US Marines conduct cold weather training in Iceland preparing to be the Elite’s cannon fodder in Norway.
Trident Juncture 2018 is the largest exercise hosted by Norway since the 1980s and the largest NATO has held in decades. Some 50,000 troops from 31 countries, about 10,000 combat vehicles, 65 ships and some 250 aircraft are taking part in the drills that kicked off last week and will go on till November 7, with the troops honing their skills on the land, in the air and at the sea.
The exercise is supposedly intended to send “a clear message” to both the alliance’s member states and potential“adversaries” that NATO is “ready to defend all allies against any threat,” its secretary-General Jens Stoltenberg said last week.
The massive drills come shortly after Vostok-2018 exercise in Russia’s Far East was held in September. NATO bigwigs eagerly seized on the large-scale military maneuvers as proof of Moscow’s “aggressive” stance.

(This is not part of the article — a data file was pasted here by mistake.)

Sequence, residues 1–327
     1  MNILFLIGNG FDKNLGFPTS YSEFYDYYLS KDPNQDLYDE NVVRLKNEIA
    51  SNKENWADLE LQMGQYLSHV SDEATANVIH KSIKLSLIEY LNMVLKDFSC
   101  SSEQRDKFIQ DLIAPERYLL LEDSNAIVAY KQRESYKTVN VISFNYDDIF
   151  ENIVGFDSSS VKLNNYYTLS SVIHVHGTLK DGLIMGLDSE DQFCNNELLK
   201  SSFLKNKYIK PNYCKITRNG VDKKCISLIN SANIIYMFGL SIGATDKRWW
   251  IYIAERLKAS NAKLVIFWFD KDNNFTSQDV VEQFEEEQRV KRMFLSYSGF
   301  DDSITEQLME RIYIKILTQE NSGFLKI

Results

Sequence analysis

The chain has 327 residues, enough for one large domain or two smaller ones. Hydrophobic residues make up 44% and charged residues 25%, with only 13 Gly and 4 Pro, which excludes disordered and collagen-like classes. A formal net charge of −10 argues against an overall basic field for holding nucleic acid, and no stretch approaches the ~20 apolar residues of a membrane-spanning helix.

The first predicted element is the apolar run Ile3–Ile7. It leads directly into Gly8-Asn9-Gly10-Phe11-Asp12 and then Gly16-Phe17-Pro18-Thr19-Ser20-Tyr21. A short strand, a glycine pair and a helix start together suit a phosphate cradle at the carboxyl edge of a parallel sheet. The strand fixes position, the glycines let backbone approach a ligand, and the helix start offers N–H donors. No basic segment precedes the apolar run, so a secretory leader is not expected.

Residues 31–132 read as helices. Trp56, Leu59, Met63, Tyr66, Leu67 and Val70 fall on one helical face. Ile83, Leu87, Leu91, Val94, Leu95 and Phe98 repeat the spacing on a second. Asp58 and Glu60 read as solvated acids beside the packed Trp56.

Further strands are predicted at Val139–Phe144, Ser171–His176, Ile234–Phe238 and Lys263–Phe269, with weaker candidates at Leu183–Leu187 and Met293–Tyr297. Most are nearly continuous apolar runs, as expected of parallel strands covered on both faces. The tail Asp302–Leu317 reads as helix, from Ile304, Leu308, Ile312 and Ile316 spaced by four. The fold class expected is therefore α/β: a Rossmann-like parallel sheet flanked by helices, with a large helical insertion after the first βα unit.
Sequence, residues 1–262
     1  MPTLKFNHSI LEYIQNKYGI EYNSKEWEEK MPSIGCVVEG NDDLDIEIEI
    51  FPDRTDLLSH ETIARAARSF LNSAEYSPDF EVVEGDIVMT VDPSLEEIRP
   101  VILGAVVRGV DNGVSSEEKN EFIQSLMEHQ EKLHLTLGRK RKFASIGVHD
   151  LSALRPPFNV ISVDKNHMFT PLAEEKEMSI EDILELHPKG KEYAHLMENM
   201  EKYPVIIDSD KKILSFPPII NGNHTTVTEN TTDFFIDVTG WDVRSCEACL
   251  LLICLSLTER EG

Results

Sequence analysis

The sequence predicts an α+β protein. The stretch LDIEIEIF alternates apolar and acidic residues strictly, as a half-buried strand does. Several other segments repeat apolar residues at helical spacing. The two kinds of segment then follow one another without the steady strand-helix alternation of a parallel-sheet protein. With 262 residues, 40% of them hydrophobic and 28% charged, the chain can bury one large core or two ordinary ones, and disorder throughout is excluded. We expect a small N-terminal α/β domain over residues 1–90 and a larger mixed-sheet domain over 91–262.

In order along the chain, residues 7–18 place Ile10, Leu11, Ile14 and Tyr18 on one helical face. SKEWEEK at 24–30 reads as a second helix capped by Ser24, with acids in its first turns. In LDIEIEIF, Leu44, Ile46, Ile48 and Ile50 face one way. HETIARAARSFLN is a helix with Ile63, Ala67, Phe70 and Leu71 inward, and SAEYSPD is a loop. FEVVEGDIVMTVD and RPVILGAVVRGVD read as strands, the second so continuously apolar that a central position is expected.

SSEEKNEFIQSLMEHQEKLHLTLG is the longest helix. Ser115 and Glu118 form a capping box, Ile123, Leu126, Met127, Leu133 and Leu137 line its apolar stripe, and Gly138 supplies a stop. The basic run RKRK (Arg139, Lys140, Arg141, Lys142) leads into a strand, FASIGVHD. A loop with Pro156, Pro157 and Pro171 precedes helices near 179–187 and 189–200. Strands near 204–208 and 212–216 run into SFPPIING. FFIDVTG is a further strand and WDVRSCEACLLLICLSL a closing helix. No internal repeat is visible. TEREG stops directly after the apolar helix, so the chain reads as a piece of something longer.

“Vostok demonstrates Russia’s focus on exercising large-scale conflict. It fits into a pattern we’ve seen over some time – a more assertive Russia significantly increasing its defense budget and its military presence,” NATO’s spokesman Dylan White said at the time.
While Vostok 2018 indeed showed Russia’s “military presence” – on its own territory – the official somehow missed the fact that Moscow has been actually steadily decreasing its military spending over the past few years.
Not everyone seems to be convinced by NATO’s rhetoric about the “defensive” nature of its exercises – and it’s not just Russia’s Defense Ministry. Trident Juncture 2018 was greeted in Oslo by protesters, who argued that such activities effectively turn Norway into a target and not contribute to country’s safety by any means.